The What’s What about Measles
Measles is a highly contagious disease spread by a virus easily transmitted though the air. It was once a common disease in Canada during childhood. Before the introduction of the measles vaccine the disease caused an estimated 2.6 million deaths worldwide and was a significant cause of disability.
Measles is still common in many developing countries, especially in Africa and Asia. Outbreaks continue to occur worldwide. Current outbreaks include Czech Republic, Ukraine, Burma, Brazil, South Korea, Thailand, Japan, Philippines, and Vietnam to name a few.
BC typically experiences a few cases of measles every year, usually occurring in under-vaccinated
Symptoms of Measles
Symptoms of measles begin 7-21 days after being exposed and can include high fever, rash, cold-like symptoms and red, inflamed eyes. Complications of measles can include diarrhea, ear infection, pneumonia, and encephalitis (swelling of the brain that can lead to seizures, deafness, or permanent brain damage). There is no cure for measles; treatment is only supportive. About 1 in 3000 people with measles will die from complications.
The efforts toward the elimination of measles in Canada
A single dose of the measles vaccine has been recommended in Canada for infants at 12 months of age since 1970. Between 1996-1998 a 2-dose vaccine program was implemented, and a second dose was then given to children and adolescents previously vaccinated under the 1-dose program. Receiving two doses of the measles vaccine is more than 99% effective to protect against measles, compared to 93% after one dose. However, some people missed out on this second dose of measles vaccine and as a result could still be susceptible to measles. In BC children currently receive their first dose of the measles, mumps, rubella (MMR) vaccine at 12 months of age, and a second dose between 4-6 years of age.
In 1992 Canada set a goal to eliminate measles by 2005. Although elimination usually implies a total absence of cases, this is not possible as importations can still occur from countries with less control over measles. Elimination of measles in Canada was therefore defined as the interruption of endemic measles transmission for at least 1 year, and failure to reestablish endemic transmission after importation (endemic refers to a disease that is regularly found among a particular population or certain area). The goal of measles elimination was achieved in Canada in 1998.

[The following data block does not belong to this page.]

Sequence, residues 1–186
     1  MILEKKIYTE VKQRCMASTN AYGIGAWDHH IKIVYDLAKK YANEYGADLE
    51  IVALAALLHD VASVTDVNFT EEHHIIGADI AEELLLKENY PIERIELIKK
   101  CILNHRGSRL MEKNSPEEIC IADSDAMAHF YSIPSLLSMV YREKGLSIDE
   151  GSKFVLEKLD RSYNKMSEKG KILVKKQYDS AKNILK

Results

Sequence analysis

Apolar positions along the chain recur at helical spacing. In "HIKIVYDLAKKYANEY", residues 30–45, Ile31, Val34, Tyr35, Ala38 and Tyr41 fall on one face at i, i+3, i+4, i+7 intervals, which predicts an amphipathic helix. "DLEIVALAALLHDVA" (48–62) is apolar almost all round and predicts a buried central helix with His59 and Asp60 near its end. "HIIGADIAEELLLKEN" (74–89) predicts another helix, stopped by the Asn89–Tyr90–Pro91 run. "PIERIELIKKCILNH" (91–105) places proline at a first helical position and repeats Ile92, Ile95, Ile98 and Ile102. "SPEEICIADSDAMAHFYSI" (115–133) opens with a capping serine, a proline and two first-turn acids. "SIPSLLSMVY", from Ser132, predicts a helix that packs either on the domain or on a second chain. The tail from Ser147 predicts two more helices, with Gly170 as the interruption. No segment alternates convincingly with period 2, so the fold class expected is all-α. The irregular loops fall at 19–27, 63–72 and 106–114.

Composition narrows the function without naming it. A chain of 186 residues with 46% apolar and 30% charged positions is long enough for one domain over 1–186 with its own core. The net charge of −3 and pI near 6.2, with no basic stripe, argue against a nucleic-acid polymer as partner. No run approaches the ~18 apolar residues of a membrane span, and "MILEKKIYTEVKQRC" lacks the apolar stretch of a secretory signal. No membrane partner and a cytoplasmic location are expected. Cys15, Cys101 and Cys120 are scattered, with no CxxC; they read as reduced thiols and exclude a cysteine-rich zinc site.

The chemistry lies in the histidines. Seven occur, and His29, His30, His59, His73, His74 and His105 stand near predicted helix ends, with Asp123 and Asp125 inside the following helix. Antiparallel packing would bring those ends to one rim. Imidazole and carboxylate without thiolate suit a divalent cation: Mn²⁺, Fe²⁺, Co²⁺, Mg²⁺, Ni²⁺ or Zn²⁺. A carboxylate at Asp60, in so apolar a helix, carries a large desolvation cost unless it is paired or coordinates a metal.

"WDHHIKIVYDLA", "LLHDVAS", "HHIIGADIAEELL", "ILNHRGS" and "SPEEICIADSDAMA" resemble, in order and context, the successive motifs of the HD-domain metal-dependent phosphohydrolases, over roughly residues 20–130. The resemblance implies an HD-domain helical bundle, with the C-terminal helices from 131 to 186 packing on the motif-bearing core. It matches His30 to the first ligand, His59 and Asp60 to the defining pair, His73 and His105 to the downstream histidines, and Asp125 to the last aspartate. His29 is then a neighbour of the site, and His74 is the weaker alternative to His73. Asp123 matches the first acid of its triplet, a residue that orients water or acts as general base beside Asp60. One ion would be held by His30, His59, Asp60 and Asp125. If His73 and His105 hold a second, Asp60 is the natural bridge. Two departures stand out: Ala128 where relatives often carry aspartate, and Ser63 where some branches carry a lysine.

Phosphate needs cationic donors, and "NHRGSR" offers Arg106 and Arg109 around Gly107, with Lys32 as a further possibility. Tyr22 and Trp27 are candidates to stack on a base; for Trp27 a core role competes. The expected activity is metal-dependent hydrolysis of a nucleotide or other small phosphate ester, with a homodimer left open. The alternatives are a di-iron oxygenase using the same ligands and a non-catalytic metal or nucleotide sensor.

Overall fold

Despite Canada’s efforts to maintain elimination, there continues to be outbreaks of measles within the country. The 2011 outbreak of 725 reported cases in Quebec was the highest number of cases since 1995. There was also a large outbreak in 2014 in B.C.’s Fraser Valley with 433 reported cases. There have also been other outbreaks in various regions in Canada.
So why are there still measles outbreaks after it was eliminated in 1998?
There continues to be measles outbreaks in Canada mainly due to cases imported from international travelers who acquire the disease abroad which can then be spread to unvaccinated or partially vaccinated individuals. In recent years Canada has experienced falling vaccination rates due to a number of reasons including anti-vaccine views and only partially immunized individuals. The vaccine coverage rate in Canada is close to 90% but it needs 93-95% to protect the population against measles.
Check your vaccine records!
The measles vaccine is available only in combination with mumps and rubella (MMR vaccine). The best way to prevent the spread of measles is to ensure you are properly immunized, especially before travelling internationally.
If you do not have your vaccine record it can likely be retrieved through Public Health or your family doctor. If you are unsure of your immunization status it is better to receive a booster.
MMR Vaccine Recommendations
- Children 12 months of age and older should receive 2 doses of MMR separated by at least 28 days (included in routine vaccine schedule at 1 year and 4-6 years of age)
- Adults born after 1970 (1957 for health care workers) should receive 2 doses of MMR separated by at least 28 days (individuals born prior to 1957 are considered immune to measles). Those born between 1957 and 1970 are generally assumed to have acquired immunity from natural infection, however those without documentation of 2 doses of measles vaccine, or those who do not self-identify as having had the disease may be susceptible and should receive 1 dose of MMR.
- Individuals born between 1970-1994 may have only received 1 dose of measles vaccine and need a second dose to ensure protection.
Common reactions to the MMR vaccine include redness, tenderness and swelling at the injection site. A mild fever, rash, or swelling of the glands in the cheeks or neck can occur about 7-12 days after receiving the vaccine. Temporary joint pain may also occur in teenage and adult women.
A published report linking the MMR vaccine to autism has never been replicated by any other study. The report has been widely discredited and has been retracted by the journal.
There are some people who should not get the MMR vaccine including individuals who:
- Have had a severe allergic reaction to a previous dose of the MMR vaccine or any vaccine component
- Are severely immunosupressed
- Are pregnant or planning pregnancy (women should avoid pregnancy for 1 month after receiving the MMR vaccine)
- Have had a blood transfusion or received other blood products in the last 12 months
- Have had a drop in platelets after a previous dose of MMR
There is no need to delay the MMR vaccine if you have a cold or another mild illness.
The MMR vaccine is free at your local Public Health unit. If you are travelling it is recommended to visit a travel clinic to ensure you are up to date with other recommended vaccines.
TravelSafe Clinical Educator – Kristin Cain, RN, BSc, MSc(A)